Perpetrators comprised Amhara militia (7%), Eritrean (49%) and Ethiopian soldiers (11%) – with an additional 10% mentioning “either Ethiopian or Eritrean soldiers, they jointly carried out the killings”. In 23% of the cases, the affiliation of the perpetrator was not provided.

Data collection, interviewing and mapping by: Sofie Annys, Tim Vanden Bempt, Emnet Negash, Jan Nyssen.

8 thoughts on “Map of civilian victims in the Tigray war

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      1. Note that the map does not include victims of the recent bombardments on Samre and Gijet.

        Indeed, on 20-25 February, the ENDF has carried out multiple air raids on the towns of Gijet and Samre, held by the Tigray resistance. On 25 February, NY Times journalist Christiaan Triebert mentions that the Ethiopian Air Force bombings of Samre are evidenced by multiple photos of the tails of Soviet-era RBK cluster bombs, likely RBK250 ( https://twitter.com/trbrtc/status/1365517252360097797 ). The tails are fairly undamaged (serial number is visible) as it separates from the rest as the bomb falls, thereby releasing dozens of smaller, explosive bomblets ( https://archive.nytimes.com/www.nytimes.com/imagepages/2012/12/21/world/middleeast/21cluster-.html ) Typical sandstone landscape of Samre and building style of rural homesteads is recognisable on the photos published by Triebert.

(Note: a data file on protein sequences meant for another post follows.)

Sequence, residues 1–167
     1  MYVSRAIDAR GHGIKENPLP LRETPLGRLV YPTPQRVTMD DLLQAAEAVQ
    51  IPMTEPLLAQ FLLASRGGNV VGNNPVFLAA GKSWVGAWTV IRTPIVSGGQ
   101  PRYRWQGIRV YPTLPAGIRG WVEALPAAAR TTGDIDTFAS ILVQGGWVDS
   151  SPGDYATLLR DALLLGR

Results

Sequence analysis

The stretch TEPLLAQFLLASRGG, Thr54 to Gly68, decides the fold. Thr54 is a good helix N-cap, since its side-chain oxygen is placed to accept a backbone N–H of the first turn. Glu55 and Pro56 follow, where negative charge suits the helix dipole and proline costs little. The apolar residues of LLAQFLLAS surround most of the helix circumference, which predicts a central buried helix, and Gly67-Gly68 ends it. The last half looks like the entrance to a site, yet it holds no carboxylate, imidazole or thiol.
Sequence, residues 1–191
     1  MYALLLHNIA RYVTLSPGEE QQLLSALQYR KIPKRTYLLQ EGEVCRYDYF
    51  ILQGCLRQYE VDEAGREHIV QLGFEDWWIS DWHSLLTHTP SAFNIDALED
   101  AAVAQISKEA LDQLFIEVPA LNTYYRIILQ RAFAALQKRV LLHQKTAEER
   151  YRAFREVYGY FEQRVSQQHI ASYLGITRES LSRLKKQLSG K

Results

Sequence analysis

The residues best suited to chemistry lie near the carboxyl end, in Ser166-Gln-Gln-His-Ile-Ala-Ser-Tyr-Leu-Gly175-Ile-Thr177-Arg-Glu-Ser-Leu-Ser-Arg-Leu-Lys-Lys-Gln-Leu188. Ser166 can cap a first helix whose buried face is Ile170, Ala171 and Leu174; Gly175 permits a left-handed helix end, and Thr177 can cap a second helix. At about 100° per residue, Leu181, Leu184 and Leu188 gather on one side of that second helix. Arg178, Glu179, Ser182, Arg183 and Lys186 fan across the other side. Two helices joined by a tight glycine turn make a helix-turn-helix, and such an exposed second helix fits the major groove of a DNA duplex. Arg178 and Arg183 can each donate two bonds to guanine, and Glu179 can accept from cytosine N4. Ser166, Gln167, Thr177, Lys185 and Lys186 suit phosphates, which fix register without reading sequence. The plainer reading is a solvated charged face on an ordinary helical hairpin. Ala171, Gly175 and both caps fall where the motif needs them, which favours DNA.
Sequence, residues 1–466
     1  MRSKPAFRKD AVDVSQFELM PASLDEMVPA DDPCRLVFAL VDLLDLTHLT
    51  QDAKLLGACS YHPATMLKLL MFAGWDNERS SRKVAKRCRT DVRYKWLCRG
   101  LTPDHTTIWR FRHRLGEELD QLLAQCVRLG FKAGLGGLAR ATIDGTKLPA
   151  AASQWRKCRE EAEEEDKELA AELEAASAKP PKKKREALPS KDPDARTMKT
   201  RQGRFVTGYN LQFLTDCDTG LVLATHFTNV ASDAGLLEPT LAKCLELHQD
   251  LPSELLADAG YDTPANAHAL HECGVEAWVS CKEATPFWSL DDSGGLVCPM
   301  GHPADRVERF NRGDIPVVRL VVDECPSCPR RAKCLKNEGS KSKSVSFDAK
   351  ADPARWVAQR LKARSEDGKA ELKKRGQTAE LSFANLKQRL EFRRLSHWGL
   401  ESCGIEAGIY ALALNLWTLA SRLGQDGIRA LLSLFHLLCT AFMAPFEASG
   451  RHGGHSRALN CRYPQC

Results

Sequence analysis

Reuters Africa reports that satellite imagery shows more than 500 destroyed buildings in Gijet and three surrounding villages, between 21 and 23 February ( https://twitter.com/ReutersAfrica/status/1364913384999813122 ). MapEthiopia, which follow the military situation on the ground, mentions that after a relentless air campaign, the ENDF has captured the towns of Samre and Gijet. Intense airstrikes have forced the civilian population and TDF fighters out into the mountains to seek shelter from the bombs. MapEthiopia further state that “The towns here have seen a flip flop of territorial control although this is the first time that intense airstrikes have been used here. Could see similar tactics and strategies being used by the ENDF for other towns and large villages under TDF control”. ( https://twitter.com/MapEthiopia/status/1365409501428412417 )

        Because cluster bombs release many small bomblets over a wide area, they pose risks to civilians both during attacks and afterwards. Cluster munitions are prohibited for the 120 nations that ratified the Convention on Cluster Munitions; Ethiopia and Eritrea are not part of the convention. Yet, the use of these cluster bombs amounts to war crime.

        Due to communication black-out, numbers of victims and their names are not yet known.

        Liked by 1 person